Album Reviews

Junior Brother – Pull The Right Rope


Imagine Joanna Newsom had gorged on grainy VHS tapes of Richie Kavanagh instead of the modernist compositions of Ruth Crawford Seeger, weaving guitar stabs and tambourine whacks to soundtrack drunken treks through rural Ireland. This verdant picture, brought forward by Kerry bard Junior Brother, glistens to life on his enchanting debut album, Pull the Right Rope, released through Galway’s Strange Brew label.

Born and raised just outside of Killarney, the origin story of Junior Brother, the performance name Ronan Kealy nabbed from an early 17th century play he studied in college, is equally as pristine and adventurous as his music. As a bug-eyed nine-year-old boy, he penned his very first song, having taught himself guitar on a “banged-up nylon acoustic”. He once said that, when was 10, he was given “free rein to indulge” in his imagination. At one point, he stayed in a cardboard box in his back garden for a week, decorating and scrawling pictures all over his temporary abode. A full decade and six years later, this playfulness dovetails with his unpriestly writing style and strangle songcraft— a singular voice in a sea of musicians more than happy to rehash folk and singer-songwriter tropes.

Junior Brother’s last full release, the 2016 Fuck Off I Love You EP, bewitched as much as anything on his debut. But with the exception of songs like ‘Witches Willow’ and ‘Hungover at Mass’, his meandering, tempestuous style was still in its infancy, mere sketches of the magic to come. Pull The Right Rope is noticeably three-dimensional, driven by careful, airy layers of birdsong, whistles, string and flutes, with guitar as percussion and as texture. Its arcane roots, with references to wine, nature, and rural life, drags and swirls you around until all that is visible is green and brown and yellow. The songs that appear here, written fitfully over a five year period while he was between the ages of 20 and 25, naturally represent his most epic and musically inquisitive set yet: a church bell opens ‘Girth and Plain’ before disintegrating into guitar lines worthy of a post-punk band. It is, like the best Junior Brother songs, informed with a towering sense of wonder; fantastical 19th century folk in a time where technology pervades every second of every day. “Where sky and water meet / And the trench of its reflection / Locked into a farmer’s stream,” he sings, revealing a warped sense of what’s real and what’s not in the wilderness when you’re in awe to the point of inebriation. Such unforgettably striking and naturalistic detail saturates the album and give it oxygen.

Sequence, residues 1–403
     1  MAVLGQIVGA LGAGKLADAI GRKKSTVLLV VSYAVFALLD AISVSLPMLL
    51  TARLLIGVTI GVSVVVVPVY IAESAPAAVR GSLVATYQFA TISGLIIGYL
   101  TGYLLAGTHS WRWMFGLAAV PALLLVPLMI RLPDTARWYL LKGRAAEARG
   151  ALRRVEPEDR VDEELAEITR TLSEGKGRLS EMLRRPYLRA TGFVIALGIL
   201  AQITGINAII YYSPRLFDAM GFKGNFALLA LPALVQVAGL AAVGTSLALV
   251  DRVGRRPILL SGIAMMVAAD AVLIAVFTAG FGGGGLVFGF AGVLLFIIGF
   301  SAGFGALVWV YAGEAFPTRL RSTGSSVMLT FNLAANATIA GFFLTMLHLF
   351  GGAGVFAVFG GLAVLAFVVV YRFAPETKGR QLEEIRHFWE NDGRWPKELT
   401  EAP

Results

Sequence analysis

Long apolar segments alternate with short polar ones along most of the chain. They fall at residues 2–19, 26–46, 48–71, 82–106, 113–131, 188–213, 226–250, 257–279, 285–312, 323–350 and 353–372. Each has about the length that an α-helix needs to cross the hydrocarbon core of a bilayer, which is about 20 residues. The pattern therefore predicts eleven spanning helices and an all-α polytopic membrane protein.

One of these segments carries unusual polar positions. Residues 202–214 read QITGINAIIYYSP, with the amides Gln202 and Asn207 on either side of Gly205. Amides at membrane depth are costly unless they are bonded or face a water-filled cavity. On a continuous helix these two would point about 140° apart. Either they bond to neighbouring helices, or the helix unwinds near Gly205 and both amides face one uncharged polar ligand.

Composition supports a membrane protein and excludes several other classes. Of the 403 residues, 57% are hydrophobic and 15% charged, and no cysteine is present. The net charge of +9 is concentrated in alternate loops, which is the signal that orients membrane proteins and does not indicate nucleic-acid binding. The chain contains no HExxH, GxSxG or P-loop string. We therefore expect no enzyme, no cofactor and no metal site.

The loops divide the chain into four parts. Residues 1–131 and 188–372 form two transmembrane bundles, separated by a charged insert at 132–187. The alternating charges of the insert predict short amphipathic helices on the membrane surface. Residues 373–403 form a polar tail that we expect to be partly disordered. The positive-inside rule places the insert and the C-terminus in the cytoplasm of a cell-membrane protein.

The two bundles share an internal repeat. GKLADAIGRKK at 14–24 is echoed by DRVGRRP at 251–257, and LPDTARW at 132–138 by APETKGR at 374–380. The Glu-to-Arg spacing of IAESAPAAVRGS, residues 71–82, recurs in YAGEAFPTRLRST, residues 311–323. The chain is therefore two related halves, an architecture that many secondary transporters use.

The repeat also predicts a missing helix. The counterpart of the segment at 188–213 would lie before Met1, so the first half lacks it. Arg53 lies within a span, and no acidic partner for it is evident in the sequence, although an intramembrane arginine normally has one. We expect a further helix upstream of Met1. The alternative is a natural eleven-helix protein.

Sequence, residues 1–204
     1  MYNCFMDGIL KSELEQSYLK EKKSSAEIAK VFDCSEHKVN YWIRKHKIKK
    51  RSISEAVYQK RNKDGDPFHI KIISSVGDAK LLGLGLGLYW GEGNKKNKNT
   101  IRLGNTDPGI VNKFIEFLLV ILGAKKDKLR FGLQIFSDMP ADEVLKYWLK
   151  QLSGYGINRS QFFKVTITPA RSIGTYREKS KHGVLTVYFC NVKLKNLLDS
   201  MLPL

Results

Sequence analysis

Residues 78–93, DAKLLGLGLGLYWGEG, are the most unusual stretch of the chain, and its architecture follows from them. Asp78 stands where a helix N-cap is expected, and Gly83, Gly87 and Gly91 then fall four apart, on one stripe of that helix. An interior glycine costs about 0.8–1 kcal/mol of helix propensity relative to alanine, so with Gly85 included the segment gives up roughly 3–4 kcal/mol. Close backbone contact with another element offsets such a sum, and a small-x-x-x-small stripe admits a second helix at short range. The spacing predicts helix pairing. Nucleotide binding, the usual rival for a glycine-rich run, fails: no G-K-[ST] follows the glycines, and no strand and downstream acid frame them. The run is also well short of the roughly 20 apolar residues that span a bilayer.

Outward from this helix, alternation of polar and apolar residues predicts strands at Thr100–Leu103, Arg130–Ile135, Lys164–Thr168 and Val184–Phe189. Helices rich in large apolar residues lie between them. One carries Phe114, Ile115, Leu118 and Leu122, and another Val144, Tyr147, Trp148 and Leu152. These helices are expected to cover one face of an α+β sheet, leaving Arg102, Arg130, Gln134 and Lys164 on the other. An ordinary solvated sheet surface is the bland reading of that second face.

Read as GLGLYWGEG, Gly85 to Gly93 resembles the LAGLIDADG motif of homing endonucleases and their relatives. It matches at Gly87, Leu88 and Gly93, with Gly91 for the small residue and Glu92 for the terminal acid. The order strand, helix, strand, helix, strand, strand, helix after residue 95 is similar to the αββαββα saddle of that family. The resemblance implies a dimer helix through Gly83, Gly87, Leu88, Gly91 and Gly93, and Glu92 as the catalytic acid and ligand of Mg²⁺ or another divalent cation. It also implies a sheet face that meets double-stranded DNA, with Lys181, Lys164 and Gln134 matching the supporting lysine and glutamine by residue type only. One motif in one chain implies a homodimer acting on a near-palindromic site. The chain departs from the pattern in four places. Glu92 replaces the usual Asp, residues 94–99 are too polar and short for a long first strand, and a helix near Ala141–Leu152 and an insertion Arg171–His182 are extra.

Everything here is lovingly performed; the touch of a true musician’s musician. Junior Brother’s trusty tambourine—an extension of his body—creeps into every crevice. And while his pin-pricked guitar playing on his debut can be mesmeric—sharp and implacable, terse and unbound—it’s his singing that gives his music agency. The noodling, trad-recalling guitars, as sharp as machetes, come together in perfect union with his delightful, period-inappropriate squall of a voice — even if it is an acquired taste, severe and dyspeptic. Throughout the album, his Kerry drawl lilts elastically, autonomously, mirroring the quivering guitars. At times, he emulates the the near-histrionics of Richard Dawson. On the boisterous, rebellious lead single, ‘Full of Wine’, he crows whimsically one moment, his voice rising up and down as fast as throttling heads in a barnstorming trad session, then, shunning the former style just a few lines later, he settles into a smoother Damien Rice vamp. In truth, he vocalises like he’s allergic to rhythm and structure itself, and his lyrics are infinitely too original to reduce to a meaningless label like singer-songwriter.